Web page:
Authors: Kam Jugdev
Addresses: Project Management and Strategy, Centre for Innovative Management, Athabasca University, Athabasca, Alberta; Schulich School of Engineering, University of Calgary, Calgary, Alberta, Canada
Abstract: Using Nonaka|s conceptual framework, we present empirical findings from a study on project management knowledge-sharing practices. Following a review of key concepts on competitive advantage and project management, we present our theoretical framework and methodology. The paper places our knowledge-sharing spiral findings in the context of an earlier multivariate study. Our findings support the Socialisation-Externalisation-Combination-Internalisation knowledge transfer model, as the majority of the correlations were highest as one moved between the four quadrants; the lowest correlation was between Externalisation and Combination. Although the correlations between the four modes of knowledge sharing did not consistently show strong enough relationships to support the view that project management as a whole was a source of temporary or sustained competitive advantage, the findings support the importance of emphasising knowledge development and sharing among all four quadrants.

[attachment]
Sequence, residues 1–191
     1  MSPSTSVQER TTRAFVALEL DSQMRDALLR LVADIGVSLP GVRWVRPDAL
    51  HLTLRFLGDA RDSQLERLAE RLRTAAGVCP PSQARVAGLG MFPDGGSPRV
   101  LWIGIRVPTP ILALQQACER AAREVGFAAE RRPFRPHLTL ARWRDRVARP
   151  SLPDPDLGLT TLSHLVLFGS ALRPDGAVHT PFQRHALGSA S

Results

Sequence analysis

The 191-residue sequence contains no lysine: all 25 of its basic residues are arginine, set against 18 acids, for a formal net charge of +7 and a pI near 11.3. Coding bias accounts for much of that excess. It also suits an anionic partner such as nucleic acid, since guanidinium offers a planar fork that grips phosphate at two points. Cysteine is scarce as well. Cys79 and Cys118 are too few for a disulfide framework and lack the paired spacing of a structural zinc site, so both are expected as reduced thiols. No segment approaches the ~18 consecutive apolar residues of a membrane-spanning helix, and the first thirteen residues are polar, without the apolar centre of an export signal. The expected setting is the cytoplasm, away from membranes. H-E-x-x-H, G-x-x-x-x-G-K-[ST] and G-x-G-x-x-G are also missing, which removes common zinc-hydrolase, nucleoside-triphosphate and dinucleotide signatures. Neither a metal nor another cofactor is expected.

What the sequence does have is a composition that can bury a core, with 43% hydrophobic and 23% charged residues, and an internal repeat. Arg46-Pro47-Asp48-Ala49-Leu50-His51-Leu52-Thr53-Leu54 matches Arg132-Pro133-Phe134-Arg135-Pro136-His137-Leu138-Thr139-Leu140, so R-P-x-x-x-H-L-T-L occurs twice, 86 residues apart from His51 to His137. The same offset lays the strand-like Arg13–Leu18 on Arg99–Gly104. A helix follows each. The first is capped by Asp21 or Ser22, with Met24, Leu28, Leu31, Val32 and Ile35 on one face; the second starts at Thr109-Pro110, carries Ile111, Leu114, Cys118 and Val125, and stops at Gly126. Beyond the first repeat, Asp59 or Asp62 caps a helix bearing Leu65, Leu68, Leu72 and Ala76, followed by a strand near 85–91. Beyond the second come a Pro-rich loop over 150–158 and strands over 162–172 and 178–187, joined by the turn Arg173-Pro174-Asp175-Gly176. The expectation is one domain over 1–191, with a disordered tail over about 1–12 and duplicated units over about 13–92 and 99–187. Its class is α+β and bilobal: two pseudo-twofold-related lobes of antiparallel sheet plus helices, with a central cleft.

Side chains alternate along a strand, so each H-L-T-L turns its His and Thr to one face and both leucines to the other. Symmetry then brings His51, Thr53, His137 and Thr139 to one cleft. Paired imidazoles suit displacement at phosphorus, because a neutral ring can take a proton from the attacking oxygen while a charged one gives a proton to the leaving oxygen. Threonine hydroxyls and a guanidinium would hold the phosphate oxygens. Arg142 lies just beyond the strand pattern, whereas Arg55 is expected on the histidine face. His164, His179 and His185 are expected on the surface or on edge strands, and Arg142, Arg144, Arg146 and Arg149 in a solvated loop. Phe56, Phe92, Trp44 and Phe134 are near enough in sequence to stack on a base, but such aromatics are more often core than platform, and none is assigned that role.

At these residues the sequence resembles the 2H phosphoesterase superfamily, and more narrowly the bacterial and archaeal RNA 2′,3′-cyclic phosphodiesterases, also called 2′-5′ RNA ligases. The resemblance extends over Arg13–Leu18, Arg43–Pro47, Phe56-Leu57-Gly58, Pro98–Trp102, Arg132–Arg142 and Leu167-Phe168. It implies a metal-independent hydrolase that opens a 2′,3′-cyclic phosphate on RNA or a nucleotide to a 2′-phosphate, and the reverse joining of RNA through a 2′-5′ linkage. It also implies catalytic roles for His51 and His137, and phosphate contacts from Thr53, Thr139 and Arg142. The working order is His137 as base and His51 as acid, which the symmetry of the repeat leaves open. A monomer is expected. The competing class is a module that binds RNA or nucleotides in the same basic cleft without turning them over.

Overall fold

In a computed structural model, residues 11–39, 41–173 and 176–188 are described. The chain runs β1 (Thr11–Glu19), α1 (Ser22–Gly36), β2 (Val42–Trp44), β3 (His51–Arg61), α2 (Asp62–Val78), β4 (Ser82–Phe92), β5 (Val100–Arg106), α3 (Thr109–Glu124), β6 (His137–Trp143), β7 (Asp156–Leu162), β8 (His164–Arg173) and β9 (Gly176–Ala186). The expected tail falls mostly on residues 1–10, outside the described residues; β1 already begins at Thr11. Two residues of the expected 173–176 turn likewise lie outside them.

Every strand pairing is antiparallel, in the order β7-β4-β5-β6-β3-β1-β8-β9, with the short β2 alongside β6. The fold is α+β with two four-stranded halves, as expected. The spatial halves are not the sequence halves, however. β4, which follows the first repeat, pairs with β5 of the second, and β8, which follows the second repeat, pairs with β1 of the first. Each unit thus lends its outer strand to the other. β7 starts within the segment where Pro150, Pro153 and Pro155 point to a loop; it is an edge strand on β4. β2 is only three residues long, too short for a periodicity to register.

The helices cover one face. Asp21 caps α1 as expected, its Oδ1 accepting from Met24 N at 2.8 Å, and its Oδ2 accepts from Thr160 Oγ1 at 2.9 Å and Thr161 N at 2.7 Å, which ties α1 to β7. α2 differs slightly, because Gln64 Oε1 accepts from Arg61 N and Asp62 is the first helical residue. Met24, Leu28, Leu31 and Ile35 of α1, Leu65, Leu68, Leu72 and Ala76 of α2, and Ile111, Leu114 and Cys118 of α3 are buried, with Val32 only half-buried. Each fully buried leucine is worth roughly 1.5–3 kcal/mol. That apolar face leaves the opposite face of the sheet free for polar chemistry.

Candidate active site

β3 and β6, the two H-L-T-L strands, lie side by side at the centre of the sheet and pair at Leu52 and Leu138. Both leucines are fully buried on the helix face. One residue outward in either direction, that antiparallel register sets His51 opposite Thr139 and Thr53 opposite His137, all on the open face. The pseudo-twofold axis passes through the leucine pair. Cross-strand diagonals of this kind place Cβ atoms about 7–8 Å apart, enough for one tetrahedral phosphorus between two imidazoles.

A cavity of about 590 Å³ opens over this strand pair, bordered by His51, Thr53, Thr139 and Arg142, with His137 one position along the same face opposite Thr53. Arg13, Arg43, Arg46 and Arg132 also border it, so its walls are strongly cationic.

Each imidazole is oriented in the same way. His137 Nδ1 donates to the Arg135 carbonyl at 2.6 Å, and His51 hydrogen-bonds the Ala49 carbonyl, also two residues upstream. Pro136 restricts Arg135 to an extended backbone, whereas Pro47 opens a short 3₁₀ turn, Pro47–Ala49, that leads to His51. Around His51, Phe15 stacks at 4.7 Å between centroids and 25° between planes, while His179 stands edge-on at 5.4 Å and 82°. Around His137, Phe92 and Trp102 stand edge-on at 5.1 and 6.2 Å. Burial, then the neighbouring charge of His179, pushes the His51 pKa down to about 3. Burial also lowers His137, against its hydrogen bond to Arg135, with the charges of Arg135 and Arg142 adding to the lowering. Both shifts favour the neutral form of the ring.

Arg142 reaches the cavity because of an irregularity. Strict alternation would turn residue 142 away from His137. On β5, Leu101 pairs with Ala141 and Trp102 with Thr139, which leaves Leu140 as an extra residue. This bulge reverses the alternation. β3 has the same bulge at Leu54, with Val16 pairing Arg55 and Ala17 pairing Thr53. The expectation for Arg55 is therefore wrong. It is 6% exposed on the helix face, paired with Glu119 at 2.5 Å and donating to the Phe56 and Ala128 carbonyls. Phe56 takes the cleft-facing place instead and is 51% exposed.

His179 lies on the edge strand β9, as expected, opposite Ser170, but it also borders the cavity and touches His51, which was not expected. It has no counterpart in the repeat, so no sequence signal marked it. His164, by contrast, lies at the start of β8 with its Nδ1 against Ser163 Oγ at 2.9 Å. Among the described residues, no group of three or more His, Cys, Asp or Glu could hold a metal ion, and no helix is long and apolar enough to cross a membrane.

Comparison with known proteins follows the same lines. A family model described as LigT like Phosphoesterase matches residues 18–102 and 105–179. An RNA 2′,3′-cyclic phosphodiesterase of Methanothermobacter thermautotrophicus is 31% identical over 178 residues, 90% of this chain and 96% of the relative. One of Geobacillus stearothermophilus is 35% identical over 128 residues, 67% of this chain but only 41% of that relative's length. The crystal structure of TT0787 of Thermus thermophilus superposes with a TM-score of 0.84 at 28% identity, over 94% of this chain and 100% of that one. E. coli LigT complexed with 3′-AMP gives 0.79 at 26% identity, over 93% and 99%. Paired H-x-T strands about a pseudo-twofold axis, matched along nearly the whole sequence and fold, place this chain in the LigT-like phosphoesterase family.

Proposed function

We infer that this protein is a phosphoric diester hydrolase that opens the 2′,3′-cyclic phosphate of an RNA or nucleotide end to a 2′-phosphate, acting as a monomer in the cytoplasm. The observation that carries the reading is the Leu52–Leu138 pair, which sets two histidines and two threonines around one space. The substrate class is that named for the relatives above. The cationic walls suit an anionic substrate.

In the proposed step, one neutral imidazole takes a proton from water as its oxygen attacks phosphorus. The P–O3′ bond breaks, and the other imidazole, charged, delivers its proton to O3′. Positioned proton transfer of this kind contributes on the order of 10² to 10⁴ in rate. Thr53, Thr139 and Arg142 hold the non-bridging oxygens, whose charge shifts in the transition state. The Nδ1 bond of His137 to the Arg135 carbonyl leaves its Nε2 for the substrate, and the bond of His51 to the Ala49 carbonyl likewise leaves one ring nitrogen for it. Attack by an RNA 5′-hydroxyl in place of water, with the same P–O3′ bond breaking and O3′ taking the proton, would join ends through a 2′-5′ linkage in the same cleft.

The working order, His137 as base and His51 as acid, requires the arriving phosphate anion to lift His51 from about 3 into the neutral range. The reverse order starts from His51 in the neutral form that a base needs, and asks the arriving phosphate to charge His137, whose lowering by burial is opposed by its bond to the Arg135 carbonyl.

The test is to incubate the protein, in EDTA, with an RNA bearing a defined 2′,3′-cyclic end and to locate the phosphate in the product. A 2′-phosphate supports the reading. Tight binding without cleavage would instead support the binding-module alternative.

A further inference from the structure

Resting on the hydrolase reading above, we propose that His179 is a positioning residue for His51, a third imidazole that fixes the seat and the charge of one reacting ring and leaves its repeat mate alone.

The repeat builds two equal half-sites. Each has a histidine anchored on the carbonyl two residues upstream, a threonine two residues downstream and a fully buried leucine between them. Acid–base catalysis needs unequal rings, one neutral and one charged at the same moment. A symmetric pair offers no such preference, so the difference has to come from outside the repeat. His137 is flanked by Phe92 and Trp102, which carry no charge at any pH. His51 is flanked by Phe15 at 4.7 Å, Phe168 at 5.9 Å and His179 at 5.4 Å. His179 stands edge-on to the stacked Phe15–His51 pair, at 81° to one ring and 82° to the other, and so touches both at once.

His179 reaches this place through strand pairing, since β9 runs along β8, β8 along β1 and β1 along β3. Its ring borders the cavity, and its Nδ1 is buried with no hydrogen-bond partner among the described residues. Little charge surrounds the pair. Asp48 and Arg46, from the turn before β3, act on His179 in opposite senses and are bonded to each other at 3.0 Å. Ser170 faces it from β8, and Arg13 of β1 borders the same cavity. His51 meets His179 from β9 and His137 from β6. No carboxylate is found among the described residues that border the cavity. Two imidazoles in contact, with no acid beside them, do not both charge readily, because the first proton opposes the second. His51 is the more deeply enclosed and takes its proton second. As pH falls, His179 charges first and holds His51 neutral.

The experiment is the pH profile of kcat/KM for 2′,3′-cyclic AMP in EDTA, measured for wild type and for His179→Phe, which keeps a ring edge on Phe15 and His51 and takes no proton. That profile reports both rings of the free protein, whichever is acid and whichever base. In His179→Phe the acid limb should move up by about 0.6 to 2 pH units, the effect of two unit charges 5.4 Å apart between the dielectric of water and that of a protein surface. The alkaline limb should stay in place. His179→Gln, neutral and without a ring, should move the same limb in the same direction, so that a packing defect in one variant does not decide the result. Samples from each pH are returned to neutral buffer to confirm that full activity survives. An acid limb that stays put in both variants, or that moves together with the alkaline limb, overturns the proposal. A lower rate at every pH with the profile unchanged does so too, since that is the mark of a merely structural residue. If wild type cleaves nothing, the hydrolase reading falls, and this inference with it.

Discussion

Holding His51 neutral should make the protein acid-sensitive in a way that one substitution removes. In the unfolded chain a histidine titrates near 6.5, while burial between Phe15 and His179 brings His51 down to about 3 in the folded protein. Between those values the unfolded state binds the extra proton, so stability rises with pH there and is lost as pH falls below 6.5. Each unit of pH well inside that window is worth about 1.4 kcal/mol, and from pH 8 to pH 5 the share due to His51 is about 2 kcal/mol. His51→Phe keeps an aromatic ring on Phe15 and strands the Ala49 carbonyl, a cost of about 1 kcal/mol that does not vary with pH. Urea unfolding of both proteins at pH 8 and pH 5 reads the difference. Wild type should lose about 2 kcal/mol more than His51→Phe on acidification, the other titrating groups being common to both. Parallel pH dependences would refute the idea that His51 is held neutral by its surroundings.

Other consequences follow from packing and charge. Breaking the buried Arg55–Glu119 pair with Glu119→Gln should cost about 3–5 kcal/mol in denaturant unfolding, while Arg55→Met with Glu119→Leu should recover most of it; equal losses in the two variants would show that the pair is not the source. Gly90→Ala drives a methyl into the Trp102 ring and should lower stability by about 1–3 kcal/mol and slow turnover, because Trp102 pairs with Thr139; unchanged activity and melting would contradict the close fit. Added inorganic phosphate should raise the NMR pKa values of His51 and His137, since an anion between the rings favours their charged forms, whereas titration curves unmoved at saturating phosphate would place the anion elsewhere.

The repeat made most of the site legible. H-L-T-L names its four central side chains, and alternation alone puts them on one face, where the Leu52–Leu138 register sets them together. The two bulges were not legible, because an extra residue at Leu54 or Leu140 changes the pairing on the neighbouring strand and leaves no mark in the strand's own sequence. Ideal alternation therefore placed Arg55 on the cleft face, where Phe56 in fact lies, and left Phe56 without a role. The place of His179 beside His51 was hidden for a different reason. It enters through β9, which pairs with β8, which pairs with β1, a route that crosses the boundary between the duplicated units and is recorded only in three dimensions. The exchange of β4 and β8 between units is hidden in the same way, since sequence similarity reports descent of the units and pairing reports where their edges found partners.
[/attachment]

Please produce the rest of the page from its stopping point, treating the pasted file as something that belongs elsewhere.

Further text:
Keywords: competitive advantage; empirical study; knowledge sharing spiral; project management; knowledge management.
International Journal of Knowledge Management Studies, 2007 Vol.1 No.3/4, pp.423 - 441
Available online: 20 Feb 2007 *Full-text access for editors Access for subscribers Purchase this article Comment on this article